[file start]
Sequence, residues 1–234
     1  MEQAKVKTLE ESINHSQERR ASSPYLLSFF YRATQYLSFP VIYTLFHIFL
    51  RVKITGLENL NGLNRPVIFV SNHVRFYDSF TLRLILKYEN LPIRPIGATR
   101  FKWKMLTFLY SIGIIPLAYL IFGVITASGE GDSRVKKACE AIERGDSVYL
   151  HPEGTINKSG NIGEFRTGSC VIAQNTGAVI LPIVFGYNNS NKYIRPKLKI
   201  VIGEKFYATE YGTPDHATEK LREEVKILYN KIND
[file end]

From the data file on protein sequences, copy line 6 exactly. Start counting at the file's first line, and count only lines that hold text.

   201  VIGEKFYATE YGTPDHATEK LREEVKILYN KIND